Age polyethism is an eye catching area of work for entomologists because it is mostly related to foraging and nest brooding of workers. The question was that is there any relation between going out of nest and age of the workers or who are the main workers that take care of queen, king and brooding, older or younger workers. Badertscher et al. at 1982 indicate that there is a relation between age and food supply and processing in Macrotermes subhyalinus colonies. They mentioned that 97% of foragers are more than 30 days old. In addition they mentioned that the workers less than 30 years old, it does not matter they are major or minor worker, are involved in founding fungus combs [14] . In a similar study had done by Hinze et al. in 2001 signified that in Macrotermes bellicosus feeding habits are different between major and minor workers. They had classified major and minor based on their abdomen color. Furthermore, they said that foragers are the main food processor in the nest. While those worker who fed on the fungus comb have developed labial glands and their main work is to feed the queen. Abdomen color was not only considered in workers as a measuring criterion for age polyethism. It sounds that abdomen color will be changed during age in soldiers and thereafter, the duties also will be changed [15] . In M. bellicosus Smeathman three main abdomen colors have seen in soldiers, yellow, red and brown. Abdomen color will be changed from yellow in young ones to dark brown in the oldest. Brownish abdomens were the main foragers even though the soldiers with all kinds of color can be seen in the nest. Interestingly, the nest acts flexible in the time of damaging; if the brown colors were missed the reds replaced them immediately [16] . Hinze and Leuthold at 1999 demonstrate that by increasing the age of worker in M. bellicosus, their duties will be changed. They marked some known age workers with a small piece of metal and survey them by the means of photo detector. The research made it cleared that age play a crucial role in polyethism. As the age increased in the workers their duties have changed from grooming the queen to go outside the nest for foraging. In addition, age polyethism has a pivotal role on longevity of worker in social insects [7] . Mathematical model has been used to show the importance of age polyethism in longevity of workers. The analysis cleared that if aging is not depended on activity, age polyethism is profitable if the safe task done in early life, whilst if aging is depended on activity then polyethism is beneficiary if young workers do the safe works and the older workers are doing the risky works. In contrast, polyethism won’t be profitable if young workers do the risky job while the old workers do the safer ones [17] [18] . In addition to workers, larvae instars also have been analyzed based on age. In Zootermopsis angusticollis, first and second instars were mainly inactive in the nest. However 64-100% of all the tasks were done by III-VII instars, but age polyethism had not seen among them. In reality, age was not the matter in division of labors and tasks were not age related [19] . In addition to Z. angusticollis, this temporal polyethism have seen in larval instars of black marching termites Hospitalitermes medioflavus [20] . In spite of all the above studies they are some studies that showed there is no relation between age and polyethism in lower termites such as Cryptotermes cavifrons [21] .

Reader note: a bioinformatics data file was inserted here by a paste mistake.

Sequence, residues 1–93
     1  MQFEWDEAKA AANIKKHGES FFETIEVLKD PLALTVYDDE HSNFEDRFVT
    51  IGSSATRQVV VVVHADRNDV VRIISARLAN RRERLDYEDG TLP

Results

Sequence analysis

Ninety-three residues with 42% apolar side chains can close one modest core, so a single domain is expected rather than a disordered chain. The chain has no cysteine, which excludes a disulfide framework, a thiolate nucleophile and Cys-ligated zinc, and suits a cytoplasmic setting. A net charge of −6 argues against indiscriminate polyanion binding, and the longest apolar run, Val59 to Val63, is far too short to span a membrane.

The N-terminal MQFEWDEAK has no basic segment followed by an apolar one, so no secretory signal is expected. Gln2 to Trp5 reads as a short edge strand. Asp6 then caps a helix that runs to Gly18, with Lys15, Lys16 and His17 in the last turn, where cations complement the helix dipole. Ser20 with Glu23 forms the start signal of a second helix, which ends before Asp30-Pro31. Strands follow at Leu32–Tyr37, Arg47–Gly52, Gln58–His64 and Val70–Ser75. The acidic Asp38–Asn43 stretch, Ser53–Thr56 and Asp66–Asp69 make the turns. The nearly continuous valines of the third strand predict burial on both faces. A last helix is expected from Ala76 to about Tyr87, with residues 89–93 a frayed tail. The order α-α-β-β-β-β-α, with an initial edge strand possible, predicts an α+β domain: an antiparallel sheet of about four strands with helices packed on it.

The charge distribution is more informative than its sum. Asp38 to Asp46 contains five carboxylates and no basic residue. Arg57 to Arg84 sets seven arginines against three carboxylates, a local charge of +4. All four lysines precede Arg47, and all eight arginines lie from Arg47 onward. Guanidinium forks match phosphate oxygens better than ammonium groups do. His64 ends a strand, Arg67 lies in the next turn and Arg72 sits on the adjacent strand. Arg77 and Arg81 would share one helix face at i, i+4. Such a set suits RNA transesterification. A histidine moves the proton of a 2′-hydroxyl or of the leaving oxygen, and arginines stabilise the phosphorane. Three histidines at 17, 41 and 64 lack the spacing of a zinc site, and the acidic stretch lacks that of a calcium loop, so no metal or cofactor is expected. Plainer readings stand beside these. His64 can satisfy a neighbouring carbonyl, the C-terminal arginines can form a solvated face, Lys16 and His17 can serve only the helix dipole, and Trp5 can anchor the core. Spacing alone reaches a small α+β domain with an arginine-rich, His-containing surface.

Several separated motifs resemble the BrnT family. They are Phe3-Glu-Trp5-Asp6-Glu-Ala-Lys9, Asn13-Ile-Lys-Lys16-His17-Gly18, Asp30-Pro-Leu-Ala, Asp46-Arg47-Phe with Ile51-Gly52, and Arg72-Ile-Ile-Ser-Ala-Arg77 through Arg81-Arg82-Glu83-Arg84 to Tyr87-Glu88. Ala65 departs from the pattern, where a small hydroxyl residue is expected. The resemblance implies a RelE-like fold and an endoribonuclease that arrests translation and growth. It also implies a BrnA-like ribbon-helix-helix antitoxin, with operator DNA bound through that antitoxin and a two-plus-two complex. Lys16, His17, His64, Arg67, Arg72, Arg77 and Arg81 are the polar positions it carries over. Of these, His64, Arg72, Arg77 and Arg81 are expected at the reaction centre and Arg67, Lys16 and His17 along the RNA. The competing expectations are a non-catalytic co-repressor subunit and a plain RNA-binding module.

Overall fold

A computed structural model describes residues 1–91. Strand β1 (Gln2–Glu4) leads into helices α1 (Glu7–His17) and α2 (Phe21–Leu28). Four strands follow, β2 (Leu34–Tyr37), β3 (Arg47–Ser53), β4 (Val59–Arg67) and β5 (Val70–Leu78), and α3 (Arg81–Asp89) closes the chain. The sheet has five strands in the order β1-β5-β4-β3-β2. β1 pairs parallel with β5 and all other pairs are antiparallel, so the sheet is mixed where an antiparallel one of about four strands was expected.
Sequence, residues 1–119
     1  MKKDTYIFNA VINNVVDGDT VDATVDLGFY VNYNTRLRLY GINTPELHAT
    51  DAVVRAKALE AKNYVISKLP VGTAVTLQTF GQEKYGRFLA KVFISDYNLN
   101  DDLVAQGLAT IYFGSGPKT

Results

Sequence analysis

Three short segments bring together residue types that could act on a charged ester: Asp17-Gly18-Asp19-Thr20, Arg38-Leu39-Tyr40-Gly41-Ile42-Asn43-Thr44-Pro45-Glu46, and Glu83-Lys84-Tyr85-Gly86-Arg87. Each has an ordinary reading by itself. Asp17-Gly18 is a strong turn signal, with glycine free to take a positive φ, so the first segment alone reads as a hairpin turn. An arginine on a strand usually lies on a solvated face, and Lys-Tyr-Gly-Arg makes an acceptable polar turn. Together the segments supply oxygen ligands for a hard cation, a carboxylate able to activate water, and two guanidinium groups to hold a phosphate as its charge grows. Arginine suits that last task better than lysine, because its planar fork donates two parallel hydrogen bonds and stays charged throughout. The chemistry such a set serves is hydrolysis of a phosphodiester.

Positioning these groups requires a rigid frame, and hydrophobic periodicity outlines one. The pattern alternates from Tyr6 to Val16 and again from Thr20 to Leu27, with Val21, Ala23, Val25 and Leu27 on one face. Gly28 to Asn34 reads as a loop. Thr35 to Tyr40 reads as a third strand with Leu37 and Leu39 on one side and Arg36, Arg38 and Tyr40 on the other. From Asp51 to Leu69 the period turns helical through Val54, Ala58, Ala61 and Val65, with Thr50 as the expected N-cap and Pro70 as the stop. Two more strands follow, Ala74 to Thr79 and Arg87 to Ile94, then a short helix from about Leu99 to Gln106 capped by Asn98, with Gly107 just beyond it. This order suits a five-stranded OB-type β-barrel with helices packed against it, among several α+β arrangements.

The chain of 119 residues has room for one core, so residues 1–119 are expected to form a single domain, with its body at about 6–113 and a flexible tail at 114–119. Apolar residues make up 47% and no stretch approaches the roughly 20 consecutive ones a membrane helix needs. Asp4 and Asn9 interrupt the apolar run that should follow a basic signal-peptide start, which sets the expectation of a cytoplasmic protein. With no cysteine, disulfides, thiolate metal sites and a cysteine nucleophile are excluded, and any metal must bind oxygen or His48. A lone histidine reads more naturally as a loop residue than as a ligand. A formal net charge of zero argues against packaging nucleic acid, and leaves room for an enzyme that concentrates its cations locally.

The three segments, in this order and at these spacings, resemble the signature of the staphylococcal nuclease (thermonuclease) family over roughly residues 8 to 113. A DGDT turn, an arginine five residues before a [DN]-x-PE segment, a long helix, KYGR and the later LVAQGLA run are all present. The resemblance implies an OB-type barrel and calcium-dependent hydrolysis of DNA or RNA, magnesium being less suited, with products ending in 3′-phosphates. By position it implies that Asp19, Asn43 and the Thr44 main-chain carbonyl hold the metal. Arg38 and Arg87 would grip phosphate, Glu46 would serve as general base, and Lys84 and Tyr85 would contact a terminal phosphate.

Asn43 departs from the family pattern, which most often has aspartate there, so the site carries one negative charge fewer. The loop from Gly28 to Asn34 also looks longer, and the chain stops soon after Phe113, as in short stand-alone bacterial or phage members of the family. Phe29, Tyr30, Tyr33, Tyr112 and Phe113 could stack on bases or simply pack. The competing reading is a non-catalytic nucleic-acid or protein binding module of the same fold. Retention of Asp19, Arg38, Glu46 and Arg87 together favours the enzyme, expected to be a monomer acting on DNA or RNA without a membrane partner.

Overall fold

3. Size Polyethism